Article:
MONDAY, FEBRUARY 22
Up at 4.45 a.m. to watch live telecast of Leeds v North Queensland Cowboys World Club Challenge match. It was only 4-4 at halftime, but the Cowboys went on to win 38-4. Cowboys skipper, Johnathan Thurston received the Graham Murray Medal as player of the match, presented by Graham’s widow, Amanda. Graham, who died of a heart attack in 2013, coached both Leeds and the Cowboys. I watched the other northern hemisphere – southern hemisphere challenge matches over the weekend with two more lop sided scores – Sydney Roosters 38 d St Helens 12 and Brisbane Broncos 42 d St Helens 12. The results, as predictable as they might have been, did nothing for the credibility of Super League and harked back to 1997, when the then ‘rebel’ Super League Australian clubs played their English counterparts, with some of the big defeats suffered by English clubs damaging the average Australian’s view of the game in the UK.
Our daughter, Melanie says my (failed) crusade (at the urging of ‘Telegraph’ editor, Lionel Hogg) to get ABBA to come to Queensland in 1977, is all over Facebook.
My good mate, Greg Grainger tells me the Imperial Hotel and ‘Roundhouse’ (formerly Tweed Tavern) have shut, leaving only The Court House and Riverview operating at full throttle as pubs in Murwillumbah. When I lived in Murwillumbah, there also was ‘The Australian’ and ‘The Murwillumbah’, the latter the venue for Brothers’ rugby league raffles. There also was a shed out the back, built specially for our post match showers.
Marie and I watch a moving special on the late Bart Cummings, Australian’s champion race horse trainer.
TUESDAY, FEBRUARY 23
Watch Irish/American movie, ‘Brooklyn’. Very good. Sad and happy. We have lunch at James Street Markets. Former champion swimmer, Lisa Curry is there.
THURSDAY, FEBRUARY 25
There will not be any programs at Intrust Super Cup matches this year. So sad. A program is an essential part of the match day experience, even in this digital age. That is my view.
In 1982, the inaugural state league in Queensland saw an ambitious attempt by the league’s marketing arm to get the program up to the standard of the VFL Record (Australian rules program for Melbourne). So, the first program was 48 pages, the same size as the VFL Record. But the QRL had sold only one or two advertisements, whereas the VFL Record was chock full of the revenue raisers. So, yours truly, had to fill the program with editorial (for no extra money). I worked so hard on that first program, interviewing one player from each of the 14 teams. On the opening night of the competition, at North Ipswich Reserve, I turned up 20 minutes before kick-off expecting to see the program in the hands of many in the crowd of around 4,000. Much to my horror, the programs were just being unpacked from their boxes, with most of the crowd already in their seats. The programs had been delivered hours earlier. I just wanted to scream. This proved a typical scenario over the years, with league officials regarding the program almost as a stone around their neck, instead of an integral part of the day. The QRL failed to sell many ads, and, ultimately the program was reduced in size, thank heavens. One of the first players I interviewed was Ipswich centre, Dirk Tazelaar, who would go on to be a better cricketer than he was footballer, representing Queensland and also playing for Surrey in England.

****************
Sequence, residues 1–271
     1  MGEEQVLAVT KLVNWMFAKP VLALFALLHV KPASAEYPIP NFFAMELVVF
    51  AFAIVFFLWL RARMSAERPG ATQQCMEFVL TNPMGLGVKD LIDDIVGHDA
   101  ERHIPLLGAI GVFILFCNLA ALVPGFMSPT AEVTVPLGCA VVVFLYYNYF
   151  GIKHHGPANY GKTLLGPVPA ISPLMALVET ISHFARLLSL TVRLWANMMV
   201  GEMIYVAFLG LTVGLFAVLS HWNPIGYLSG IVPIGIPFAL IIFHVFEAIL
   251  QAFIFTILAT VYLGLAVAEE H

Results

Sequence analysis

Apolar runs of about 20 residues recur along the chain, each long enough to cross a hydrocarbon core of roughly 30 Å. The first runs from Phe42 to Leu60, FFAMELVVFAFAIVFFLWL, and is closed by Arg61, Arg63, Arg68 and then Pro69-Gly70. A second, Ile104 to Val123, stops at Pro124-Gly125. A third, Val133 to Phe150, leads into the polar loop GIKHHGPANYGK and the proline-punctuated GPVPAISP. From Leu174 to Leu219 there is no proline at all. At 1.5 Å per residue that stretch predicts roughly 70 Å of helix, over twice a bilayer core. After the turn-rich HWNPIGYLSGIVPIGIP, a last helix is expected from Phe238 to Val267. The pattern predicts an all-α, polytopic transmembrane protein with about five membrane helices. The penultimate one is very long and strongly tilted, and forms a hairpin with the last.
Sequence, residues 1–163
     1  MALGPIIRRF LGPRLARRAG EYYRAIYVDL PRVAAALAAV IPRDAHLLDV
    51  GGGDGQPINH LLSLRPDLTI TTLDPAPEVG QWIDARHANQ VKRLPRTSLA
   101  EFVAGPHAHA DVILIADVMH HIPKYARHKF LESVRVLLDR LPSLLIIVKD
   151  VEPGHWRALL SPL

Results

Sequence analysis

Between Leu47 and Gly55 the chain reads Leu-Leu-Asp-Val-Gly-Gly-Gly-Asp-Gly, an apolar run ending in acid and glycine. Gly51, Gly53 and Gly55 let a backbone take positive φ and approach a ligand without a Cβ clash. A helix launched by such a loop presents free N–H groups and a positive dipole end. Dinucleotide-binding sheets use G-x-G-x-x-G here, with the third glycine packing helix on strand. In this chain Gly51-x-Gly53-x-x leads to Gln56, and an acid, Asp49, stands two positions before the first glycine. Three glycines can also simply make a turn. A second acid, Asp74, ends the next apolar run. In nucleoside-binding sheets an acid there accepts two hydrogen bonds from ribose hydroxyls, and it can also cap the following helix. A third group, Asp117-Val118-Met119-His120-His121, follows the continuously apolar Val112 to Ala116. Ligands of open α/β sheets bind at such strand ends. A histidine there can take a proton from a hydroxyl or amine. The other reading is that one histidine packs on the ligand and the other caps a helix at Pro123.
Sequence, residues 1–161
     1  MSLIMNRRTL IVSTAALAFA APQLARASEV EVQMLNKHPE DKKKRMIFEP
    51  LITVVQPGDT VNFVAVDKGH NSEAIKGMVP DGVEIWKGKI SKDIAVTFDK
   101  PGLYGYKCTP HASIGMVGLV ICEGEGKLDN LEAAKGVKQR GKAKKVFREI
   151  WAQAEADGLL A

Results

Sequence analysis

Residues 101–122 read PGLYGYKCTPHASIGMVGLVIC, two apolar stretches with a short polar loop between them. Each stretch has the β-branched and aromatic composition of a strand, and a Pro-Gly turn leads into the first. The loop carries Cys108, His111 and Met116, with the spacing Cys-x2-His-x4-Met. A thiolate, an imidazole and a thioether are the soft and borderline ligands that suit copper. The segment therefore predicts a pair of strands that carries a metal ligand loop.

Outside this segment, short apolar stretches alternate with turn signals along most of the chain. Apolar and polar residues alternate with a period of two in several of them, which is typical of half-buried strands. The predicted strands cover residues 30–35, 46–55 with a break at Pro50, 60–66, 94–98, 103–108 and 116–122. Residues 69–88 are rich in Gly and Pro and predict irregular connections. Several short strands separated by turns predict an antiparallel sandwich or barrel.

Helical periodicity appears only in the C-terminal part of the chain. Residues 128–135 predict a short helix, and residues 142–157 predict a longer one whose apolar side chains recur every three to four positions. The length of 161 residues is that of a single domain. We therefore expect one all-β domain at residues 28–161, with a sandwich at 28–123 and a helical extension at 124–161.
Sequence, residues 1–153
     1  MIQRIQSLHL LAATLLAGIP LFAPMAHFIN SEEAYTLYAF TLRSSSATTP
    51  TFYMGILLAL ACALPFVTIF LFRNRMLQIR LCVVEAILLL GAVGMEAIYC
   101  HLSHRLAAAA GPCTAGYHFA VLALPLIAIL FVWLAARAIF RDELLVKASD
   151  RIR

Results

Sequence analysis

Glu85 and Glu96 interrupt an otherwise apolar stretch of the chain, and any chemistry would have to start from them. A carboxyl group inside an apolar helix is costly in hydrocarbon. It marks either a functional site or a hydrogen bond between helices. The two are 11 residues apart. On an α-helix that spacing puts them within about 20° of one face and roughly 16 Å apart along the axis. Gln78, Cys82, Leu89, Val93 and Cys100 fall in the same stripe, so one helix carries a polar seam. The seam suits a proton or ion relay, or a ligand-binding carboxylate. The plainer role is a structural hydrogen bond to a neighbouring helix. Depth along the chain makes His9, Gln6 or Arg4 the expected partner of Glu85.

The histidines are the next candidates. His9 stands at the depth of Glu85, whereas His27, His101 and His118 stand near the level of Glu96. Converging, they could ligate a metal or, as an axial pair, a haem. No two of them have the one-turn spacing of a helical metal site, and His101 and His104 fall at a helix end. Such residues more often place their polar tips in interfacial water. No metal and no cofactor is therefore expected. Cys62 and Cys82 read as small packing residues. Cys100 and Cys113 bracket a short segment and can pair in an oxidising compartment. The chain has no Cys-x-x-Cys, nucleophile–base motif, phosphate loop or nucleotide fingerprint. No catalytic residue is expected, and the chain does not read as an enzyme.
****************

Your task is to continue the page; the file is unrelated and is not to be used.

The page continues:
FRIDAY, FEBRUARY 26
Marie and I attend the funeral for her uncle, Alan Landrigan at Casino. The old priest, who conducts the service, picks up on Alan and his wife, Nancy’s ballroom dancing past, and says the youth of today don’t know what they’re missing. At the cemetery, my wife, Marie puts the form guide on Alan’s coffin. The wake is held at The Oxford pub. The publican, a pall bearer, regarded Allan and Nancy as family. We drive home via Lions Road, which crosses the Border Ranges into Queensland
Watch jazz singer, Nina Simone live (1976) in Montreux, Switzerland, before retiring. She seemed a very angry lady.
SUNDAY, FEBRUARY 28.
It is 45 years since Tweed Seagulls were granted a licence, for their premises at West Tweed Heads. In 1971, without the backing of a licensed club, Seagulls finished last in the Group 18/Gold Coast League. The next season, with the club behind them, they made the grand final, only to be beaten by a Gold Coast Tigers’ side, which included future Test centre, Steve Rogers. In those days, grand finals were played at Murwillumbah.